At the top of the mountain, Bruce recognizes the area and knows we are in the vicinity of the bobcat's den. The big cat’s prints mark the snow in every direction. We can see where the cat has chased a snow shoe rabbit. The poor little rabbit's prints give evidence of its horrifying escape.

Bruce shows me some Laurel leaves the rabbit has broken from the bush and nibbled on, leaving behind the remaining leaves for another meal. I am so relieved that the hair Bruce found in that first pile of poop didn't belong to this particular rabbit.

Bruce descends down a steep slope toward the spot where he found the bobcat’s den. Much to our disappointment, a tree has fallen over the burrow. We spend a few minutes enjoying the view. I can see a lovely entrancing blur of naked trees. The sky above us is simply spectacular. The white, downy clouds are hanging so low a child might have tried to reach up and touch them.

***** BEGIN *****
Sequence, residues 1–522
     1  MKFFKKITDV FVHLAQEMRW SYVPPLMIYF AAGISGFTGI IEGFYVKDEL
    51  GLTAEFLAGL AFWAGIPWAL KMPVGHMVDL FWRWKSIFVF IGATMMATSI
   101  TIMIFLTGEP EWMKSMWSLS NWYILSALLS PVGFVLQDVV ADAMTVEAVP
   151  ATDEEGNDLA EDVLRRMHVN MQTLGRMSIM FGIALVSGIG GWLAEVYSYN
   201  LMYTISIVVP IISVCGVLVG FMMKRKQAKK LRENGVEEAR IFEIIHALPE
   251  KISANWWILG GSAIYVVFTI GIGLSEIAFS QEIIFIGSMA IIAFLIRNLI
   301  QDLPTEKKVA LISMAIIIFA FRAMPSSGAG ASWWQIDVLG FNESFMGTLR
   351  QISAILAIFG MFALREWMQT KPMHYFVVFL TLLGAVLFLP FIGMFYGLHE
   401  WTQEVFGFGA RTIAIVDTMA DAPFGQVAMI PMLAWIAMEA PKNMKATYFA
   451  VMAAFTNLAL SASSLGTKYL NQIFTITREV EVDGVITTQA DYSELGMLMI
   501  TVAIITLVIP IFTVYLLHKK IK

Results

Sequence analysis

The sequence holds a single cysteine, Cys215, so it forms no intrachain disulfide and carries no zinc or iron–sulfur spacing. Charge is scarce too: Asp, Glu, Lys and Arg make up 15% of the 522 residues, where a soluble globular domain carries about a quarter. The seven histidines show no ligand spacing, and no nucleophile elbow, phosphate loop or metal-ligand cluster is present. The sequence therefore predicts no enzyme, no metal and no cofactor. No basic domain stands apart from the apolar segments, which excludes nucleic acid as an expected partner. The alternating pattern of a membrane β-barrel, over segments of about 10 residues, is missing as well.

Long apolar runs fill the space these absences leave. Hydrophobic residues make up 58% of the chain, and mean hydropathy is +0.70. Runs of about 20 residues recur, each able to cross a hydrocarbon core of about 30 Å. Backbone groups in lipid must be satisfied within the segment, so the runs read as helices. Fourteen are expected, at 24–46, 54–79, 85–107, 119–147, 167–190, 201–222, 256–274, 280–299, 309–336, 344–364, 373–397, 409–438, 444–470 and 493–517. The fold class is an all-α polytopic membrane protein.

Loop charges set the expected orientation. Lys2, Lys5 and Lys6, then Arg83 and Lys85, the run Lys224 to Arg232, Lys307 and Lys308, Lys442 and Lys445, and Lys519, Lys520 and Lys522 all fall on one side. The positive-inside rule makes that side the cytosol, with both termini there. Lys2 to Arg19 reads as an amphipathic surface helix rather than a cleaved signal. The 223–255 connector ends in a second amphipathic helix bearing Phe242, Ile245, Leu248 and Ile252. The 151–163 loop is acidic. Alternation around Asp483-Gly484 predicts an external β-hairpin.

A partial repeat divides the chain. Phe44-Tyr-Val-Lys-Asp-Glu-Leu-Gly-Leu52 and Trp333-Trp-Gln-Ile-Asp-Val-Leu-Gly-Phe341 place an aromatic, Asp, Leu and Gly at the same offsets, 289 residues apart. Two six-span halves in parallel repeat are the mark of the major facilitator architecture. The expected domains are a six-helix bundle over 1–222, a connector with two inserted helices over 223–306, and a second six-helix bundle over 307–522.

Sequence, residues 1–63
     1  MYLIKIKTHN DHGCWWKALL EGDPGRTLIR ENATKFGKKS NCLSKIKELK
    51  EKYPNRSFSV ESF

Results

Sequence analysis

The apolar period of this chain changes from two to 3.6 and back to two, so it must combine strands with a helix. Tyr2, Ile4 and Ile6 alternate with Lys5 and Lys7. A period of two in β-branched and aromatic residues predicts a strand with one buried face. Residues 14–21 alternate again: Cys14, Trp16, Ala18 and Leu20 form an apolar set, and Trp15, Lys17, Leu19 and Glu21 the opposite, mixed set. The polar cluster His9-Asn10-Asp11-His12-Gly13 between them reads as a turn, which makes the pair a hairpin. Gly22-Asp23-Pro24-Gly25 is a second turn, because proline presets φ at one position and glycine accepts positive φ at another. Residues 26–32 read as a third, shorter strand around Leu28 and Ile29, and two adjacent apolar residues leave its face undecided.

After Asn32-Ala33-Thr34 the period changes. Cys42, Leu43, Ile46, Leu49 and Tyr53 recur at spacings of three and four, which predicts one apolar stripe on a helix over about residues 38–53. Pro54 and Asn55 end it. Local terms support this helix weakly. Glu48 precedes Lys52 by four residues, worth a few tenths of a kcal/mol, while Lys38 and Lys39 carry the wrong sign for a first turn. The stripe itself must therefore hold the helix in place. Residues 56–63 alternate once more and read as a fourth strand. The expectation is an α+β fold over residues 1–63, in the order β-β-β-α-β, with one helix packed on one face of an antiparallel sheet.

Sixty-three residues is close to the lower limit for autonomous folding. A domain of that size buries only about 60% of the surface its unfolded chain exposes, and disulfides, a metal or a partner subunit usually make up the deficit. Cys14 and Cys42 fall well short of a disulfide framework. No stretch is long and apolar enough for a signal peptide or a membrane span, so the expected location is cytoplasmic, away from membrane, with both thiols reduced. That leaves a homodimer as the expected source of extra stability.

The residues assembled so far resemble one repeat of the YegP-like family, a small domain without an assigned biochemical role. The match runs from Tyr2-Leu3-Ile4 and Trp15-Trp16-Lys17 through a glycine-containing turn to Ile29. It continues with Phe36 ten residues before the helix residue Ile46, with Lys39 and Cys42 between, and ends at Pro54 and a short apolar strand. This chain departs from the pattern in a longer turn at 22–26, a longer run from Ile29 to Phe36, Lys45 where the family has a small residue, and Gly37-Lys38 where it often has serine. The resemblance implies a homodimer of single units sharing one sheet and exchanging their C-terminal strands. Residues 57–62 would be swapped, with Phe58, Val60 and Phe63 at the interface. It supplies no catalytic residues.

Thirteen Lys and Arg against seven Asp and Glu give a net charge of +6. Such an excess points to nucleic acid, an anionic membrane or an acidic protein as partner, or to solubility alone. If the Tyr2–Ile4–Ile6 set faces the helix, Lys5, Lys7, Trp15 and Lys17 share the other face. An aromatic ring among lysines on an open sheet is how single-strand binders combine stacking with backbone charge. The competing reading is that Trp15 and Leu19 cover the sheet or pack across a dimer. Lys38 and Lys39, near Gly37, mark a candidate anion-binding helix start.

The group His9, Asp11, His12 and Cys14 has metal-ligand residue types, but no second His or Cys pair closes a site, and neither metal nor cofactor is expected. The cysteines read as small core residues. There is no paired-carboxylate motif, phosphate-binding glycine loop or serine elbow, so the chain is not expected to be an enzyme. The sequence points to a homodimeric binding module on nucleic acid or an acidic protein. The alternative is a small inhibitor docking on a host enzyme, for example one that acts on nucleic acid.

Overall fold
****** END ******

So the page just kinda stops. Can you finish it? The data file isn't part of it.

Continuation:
Bruce and I turn around and head home by a different route. Oh no. Will there be different piles of poop to examine? On our homeward walk we see the paw prints of a fox. Bruce points them out to me. I acknowledge them with my customary grunt. How awful, we lucked out on its offal.

Wednesday, August 12, 2009

Poetry in Pain

Watching a loved one die a slow death is one of the most painful things a human being can experience. My brother-in-law, Bill, succumbed to lung cancer in February of 2008.

Five years earlier he and my sister, Barbara, rescued a 5 month old infant from a homeless prostitute. The child's biological father was in jail. They loved and cared for this child as no one else could have. Haley is now six years old and quite a handful with ADHD, OCD and Oppositional Defiant Disorder, all of which can be part of the ADHD symptomology.

In December of 2007 my sister and her husband finally had the money to legally adopt Haley. I will never forget the look of love and satisfaction that crossed Bill's face when he arrived home from his final hospital stay. He had come home to die.